New York City’s version of Broken Windows policing – Stop, Question, and Frisk – was particularly vile, and was eventually declared unconstitutional due to its disparate impact on minorities. The ACLU put some facts together when Stop and Frisk was at its height, including the following unbelievable statistics from 2011:
- The number of stops of young black men exceeded the entire city population of young black men (168,126 as compared to 158,406).
- In 70 out of 76 precincts, blacks and Latinos accounted for more than 50 percent of stops, and in 33 precincts they accounted for more than 90 percent of stops. In the 10 precincts with black and Latino populations of 14 percent or less (such as the 6th Precinct in Greenwich Village), black and Latino New Yorkers accounted for more than 70 percent of stops in six of those precincts.
What happens when this kind of uneven policing goes on? Lots of stupid arrests for petty crimes, for “resisting arrest,” and generally for being poor or having untreated mental health problems. About 1 in 1000 such stops are directly linked to a violent crime.
And again, since those stopped are overwhelmingly minority, it means that when City Hall decides to use predictive policing based on this data, they end up over policing the same neighborhoods, creating even more uneven and biased data. That continuing stream of data even ends up in sentencing and paroling algorithms, making it more likely for those same over-policed populations to stay in jail longer.
It’s high time we get rid of the root cause, the theory of Broken Windows, which was never proven in the first place, which optimizes on the wrong definition of success, and which further undermines community trust in the police.
I was invited last week to an event co-sponsored by the White House,Microsoft, and NYU called AI Now: The social and economic implications of artificial intelligence technologies in the near term. Many of the discussions were under “Chatham House Rule,” which means I get to talk about the ideas without attributing any given idea to any person.
Before I talk about some of the ideas that came up, I want to mention that the definition of “AI” was never discussed. After a while I took it to mean anything that was technological that had an embedded flow chart inside it. So, anything vaguely computerized that made decisions. Even a microwave that automatically detected whether your food was sufficiently hot – and kept heating if it wasn’t – would qualify as AI under these rules.
In particular, all of the algorithms I studied for my book certainly qualified. And some of them, like predictive policing and recidivism risk models, google search and resume filtering algorithms, were absolutely talked about and referred to as AI.
One of the questions we posed was, when is AI appropriate? Is there a class of questions that AI should not be used for, and why? More interestingly, is there AI working and making decisions right now, in some context, that should be outlawed? Or at least put on temporary suspension?
[Aside: I’m so glad we’re actually finally discussing this. Up until now it seems like wherever I go it’s taken as a given that algorithms would be an improvement over human decision-making. People still automatically assume algorithms are more fair and objective than humans, and sometimes they are, but they are by no means perfect.]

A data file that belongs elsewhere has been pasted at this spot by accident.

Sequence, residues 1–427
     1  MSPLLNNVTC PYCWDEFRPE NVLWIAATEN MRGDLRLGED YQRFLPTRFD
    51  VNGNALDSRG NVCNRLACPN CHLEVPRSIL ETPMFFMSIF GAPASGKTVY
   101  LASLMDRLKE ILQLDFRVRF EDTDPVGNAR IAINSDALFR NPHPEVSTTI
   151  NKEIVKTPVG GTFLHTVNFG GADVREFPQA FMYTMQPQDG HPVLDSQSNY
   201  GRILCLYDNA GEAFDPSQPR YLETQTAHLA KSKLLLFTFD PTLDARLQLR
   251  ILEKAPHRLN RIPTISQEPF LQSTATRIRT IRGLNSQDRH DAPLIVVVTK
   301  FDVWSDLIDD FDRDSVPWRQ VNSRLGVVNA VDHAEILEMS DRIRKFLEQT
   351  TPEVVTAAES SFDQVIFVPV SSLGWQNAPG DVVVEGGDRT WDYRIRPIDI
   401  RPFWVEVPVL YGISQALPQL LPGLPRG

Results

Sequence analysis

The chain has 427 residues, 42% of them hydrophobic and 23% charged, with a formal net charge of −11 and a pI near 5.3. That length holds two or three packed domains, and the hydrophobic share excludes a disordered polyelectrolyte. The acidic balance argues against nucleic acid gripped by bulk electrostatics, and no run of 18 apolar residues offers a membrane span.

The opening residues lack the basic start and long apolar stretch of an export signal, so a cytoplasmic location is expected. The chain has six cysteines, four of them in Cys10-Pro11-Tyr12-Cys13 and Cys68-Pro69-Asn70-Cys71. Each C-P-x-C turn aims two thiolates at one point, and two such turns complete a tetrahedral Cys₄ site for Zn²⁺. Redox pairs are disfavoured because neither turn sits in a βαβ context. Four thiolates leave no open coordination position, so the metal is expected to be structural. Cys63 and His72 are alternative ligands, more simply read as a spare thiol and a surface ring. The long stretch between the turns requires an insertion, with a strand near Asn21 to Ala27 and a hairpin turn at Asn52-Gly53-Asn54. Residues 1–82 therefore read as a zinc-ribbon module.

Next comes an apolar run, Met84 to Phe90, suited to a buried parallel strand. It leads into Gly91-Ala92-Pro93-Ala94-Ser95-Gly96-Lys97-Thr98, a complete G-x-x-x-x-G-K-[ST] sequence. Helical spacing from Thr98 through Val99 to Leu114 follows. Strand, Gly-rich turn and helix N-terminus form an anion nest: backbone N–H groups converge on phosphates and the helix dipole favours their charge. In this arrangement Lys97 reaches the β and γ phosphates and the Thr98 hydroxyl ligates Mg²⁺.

We didn’t actually have time to thoroughly discuss this question, but I’m going to throw down the gauntlet anyway.
Take recidivism risk models. Julia Angwin and her team at ProPublica recently demonstrated that the COMPAS model, which was being used in Broward County Florida (as well as many other places around the country), is racist. In particular, it has very different errors for blacks and for whites, with high “false positive” rates for blacks and high “false negative” rates for whites. This ends up meaning that blacks go to jail for longer, since that’s how recidivism rates are being used.
So, do we throw out recidivism modeling altogether? After all, judges by themselves are also racist; a models such as the COMPAS model might actually be improving the situation. Then again, it might be making it worse. We simply don’t know without a monitor in place. (So, let’s get some monitors in place, people! Let’s see some academic work in this area!)
I’ve heard people call for removing recidivism models altogether, but honestly I think that’s too simple. I think we should instead have a discussion on what they show, why they’re used the way they are, and how they can be improved to help people.
So, if we’re seeing way more black (men) with high recidivism risk scores, we need to ask ourselves: why are black men deemed so much more likely to return to jail? Is it because they’re generally poorer and don’t have the start-up funds necessary to start a new life? Or don’t have job opportunities when they get out of prison? Or because their families and friends don’t have a place for them to stay? Or because the cops are more likely to re-arrest them because they live in poor neighborhoods or are homeless? Or because the model’s design itself is flawed? In short, what are we measuring when we build recidivism scores?
Second, why are recidivism risk models used to further punish people who are already so disadvantaged? What is it about our punitive and vengeful justice system that makes us punish people in advance for crimes they have not yet committed? It keeps them away from society even longer and further casting them into a cycle of crime and poverty. If our goal were to permanently brand and isolate a criminal class, we couldn’t look for a better tool. We need to do better.